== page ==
Class, get out your cell phones please for bellwork. Seriously!

Presenter Roger Brallier of Mexico Public Schools help participants learn how to use cell phone technology to add an extra spark to bell work or preassessment in the classroom. Roger demonstrates how to reduce “under the table texting” and unlock the power of the cell phone (which may be greater than some of our older computers). Additionally, participants learn the basics of “Poll Everywhere” – a free online tool that shows real time results using the texting feature of a cell phone. Even without a phone, one can still use a webpage link.

The Flipped Classroom Approach in an eMINTS Classroom

Presenter Melody Paige of Monett School District presents a flipped classroom approach that entails “flipping” instruction in which students watch and listen to lectures for homework or at other non-instructional times. This gives learners control to pause or rewind lessons for understanding. Precious class time is then used for what typically was done as homework: tackling difficult problems, working in groups, creating, collaborating and researching. The concept is simple; but how does one make the “flipped” approach work in the real classroom? What software is needed? In this session, teachers watch videos of this concept in action and provide many resources for creating flipped content. There are many free completed lessons and videos ready for use in the classroom.

2012 eMINTS Conference: Google Docs in the Classroom

If you missed eMINTS Conference 2012, that means you also missed a great breakout session, Google Docs in the Classroom, presented by Google Certified Teacher, Stephanie J. Madlinger, Ed.S. Stephanie guided participants through everything from utilizing Google’s URL shortener, goo.gl, to collecting and organizing information from multiple individuals with Google forms.

When sharing Google documents or presentations, up to ten collaborators may work on the online file simultaneously; up to 50 may work concurrently on Google spreadsheets. Of course, as owner of a Google Doc, you determine what stays private, what is shared, and what permissions collaborators are granted. A tool that was new to many participants was Google Drawings. Need to create a diagram? You can do that with Google Drawings as well!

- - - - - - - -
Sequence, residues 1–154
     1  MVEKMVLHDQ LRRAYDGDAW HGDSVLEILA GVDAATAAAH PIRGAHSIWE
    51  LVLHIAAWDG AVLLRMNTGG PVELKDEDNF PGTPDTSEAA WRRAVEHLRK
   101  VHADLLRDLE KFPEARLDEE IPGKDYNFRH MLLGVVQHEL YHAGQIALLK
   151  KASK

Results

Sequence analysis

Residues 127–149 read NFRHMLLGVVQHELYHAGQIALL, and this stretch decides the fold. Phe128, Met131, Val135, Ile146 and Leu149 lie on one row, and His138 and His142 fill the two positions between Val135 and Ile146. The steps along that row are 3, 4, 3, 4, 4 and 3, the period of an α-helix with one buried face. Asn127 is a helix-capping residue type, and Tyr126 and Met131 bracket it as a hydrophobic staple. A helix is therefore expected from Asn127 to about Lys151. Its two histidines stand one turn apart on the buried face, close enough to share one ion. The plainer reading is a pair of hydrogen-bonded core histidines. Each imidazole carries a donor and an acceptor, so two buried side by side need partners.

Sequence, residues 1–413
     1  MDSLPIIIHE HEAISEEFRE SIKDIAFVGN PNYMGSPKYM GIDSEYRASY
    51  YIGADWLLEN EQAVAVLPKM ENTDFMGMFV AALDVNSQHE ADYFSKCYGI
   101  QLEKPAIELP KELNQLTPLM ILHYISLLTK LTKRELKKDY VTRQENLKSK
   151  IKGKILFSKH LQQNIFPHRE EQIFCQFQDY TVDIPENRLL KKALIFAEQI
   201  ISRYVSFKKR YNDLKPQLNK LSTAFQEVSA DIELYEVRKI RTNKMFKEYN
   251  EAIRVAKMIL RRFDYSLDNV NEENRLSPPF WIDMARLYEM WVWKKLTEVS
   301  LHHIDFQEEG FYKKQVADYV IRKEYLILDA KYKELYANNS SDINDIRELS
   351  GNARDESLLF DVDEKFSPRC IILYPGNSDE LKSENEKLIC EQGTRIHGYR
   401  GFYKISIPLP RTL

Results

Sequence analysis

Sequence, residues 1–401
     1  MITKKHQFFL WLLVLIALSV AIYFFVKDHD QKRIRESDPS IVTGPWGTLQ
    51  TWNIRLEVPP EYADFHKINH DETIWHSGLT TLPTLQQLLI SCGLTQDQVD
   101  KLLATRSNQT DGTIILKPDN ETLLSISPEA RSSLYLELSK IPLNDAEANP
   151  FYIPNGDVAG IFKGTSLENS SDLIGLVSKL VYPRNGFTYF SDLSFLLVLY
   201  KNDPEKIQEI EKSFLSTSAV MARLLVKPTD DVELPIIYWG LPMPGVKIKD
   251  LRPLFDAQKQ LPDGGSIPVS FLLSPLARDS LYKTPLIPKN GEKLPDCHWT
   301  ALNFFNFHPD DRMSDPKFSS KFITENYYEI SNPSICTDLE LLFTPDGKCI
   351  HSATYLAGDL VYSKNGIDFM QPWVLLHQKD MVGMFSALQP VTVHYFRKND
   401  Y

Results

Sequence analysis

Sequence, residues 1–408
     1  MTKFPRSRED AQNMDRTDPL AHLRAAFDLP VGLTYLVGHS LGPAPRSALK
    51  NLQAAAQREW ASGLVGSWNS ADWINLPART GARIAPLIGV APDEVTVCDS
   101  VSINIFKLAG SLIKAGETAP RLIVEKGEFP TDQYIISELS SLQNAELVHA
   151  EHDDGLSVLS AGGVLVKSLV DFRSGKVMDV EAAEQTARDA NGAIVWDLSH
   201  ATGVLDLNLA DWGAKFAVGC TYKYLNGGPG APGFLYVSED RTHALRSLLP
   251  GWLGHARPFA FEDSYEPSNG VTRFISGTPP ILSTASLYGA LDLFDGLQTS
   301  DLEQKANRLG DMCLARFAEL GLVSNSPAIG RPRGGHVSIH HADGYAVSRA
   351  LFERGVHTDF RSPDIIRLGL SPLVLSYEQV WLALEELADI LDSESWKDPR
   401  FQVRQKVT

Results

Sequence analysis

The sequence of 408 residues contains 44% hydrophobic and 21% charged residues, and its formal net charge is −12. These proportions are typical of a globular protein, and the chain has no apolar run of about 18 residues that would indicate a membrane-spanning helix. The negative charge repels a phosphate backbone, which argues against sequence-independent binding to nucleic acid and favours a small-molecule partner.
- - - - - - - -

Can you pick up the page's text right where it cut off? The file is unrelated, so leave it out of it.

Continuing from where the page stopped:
One of the best features of Google resources is that they are all free! Whether you need email for your students or collaborative docs to can access anytime anywhere, Google has the tool. Google in Education provides a nice overview.

Bottom line: it seems like there is now a Google Doc for everything! What are your hunches about how students and teachers might use Google Docs? If you need some ideas, check out Google Docs for Educators.
Stephanie graciously agreed to share her presentation resources with all of you. It’s no surprise that they’re all organized in a Google Doc!

Thank you, Stephanie!

Debbie Perkins is an eMINTS Instructional Specialist.

Thursday #eC12 – Design Patterns 2.0

Bernie Dodge’s eMINTS Conference breakout session, Design Patterns 2.0, focused around one of the most challenging parts of writing a WebQuest…. developing a task that engages students while pushing them to think at higher levels and then do something with the content they learn is tough. Bernie’s Design Patterns have long been a resource used in the eMINTS professional development sessions to support teachers as they write their first WebQuest. Design Patterns 2.0 is Dodge’s latest attempt to support teachers in the challenge of coming up with a good starting point to create original, quality WebQuests.

When beginning planning a WebQuest, Dodge suggests “starting at the end and looking at the kids”. Asking… What will they be doing for a living 15 years from now? What will they be doing for recreation? What issues will they be faces with? Dodge shared that “the success of people today and 15 years from now is when people have actually practiced and become good at…designing, deciding, analyzing, creating, predicting.” These are the excellent places for teachers to begin their WebQuest planning because “success is not about the nouns…success is about the verbs”.